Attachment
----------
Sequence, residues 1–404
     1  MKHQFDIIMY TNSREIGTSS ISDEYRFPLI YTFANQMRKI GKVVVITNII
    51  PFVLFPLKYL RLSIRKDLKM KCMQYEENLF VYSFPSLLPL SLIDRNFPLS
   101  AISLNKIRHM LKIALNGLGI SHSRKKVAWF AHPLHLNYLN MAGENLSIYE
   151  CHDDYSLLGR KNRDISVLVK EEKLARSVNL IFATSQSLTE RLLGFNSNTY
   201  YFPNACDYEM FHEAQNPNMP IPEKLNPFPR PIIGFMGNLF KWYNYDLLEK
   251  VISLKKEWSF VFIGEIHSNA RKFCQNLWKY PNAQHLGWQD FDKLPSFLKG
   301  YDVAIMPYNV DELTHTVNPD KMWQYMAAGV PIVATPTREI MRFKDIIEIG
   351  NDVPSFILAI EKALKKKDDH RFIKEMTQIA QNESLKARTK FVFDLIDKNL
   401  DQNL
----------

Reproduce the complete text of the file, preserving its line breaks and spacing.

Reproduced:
Sequence, residues 1–404
     1  MKHQFDIIMY TNSREIGTSS ISDEYRFPLI YTFANQMRKI GKVVVITNII
    51  PFVLFPLKYL RLSIRKDLKM KCMQYEENLF VYSFPSLLPL SLIDRNFPLS
   101  AISLNKIRHM LKIALNGLGI SHSRKKVAWF AHPLHLNYLN MAGENLSIYE
   151  CHDDYSLLGR KNRDISVLVK EEKLARSVNL IFATSQSLTE RLLGFNSNTY
   201  YFPNACDYEM FHEAQNPNMP IPEKLNPFPR PIIGFMGNLF KWYNYDLLEK
   251  VISLKKEWSF VFIGEIHSNA RKFCQNLWKY PNAQHLGWQD FDKLPSFLKG
   301  YDVAIMPYNV DELTHTVNPD KMWQYMAAGV PIVATPTREI MRFKDIIEIG
   351  NDVPSFILAI EKALKKKDDH RFIKEMTQIA QNESLKARTK FVFDLIDKNL
   401  DQNL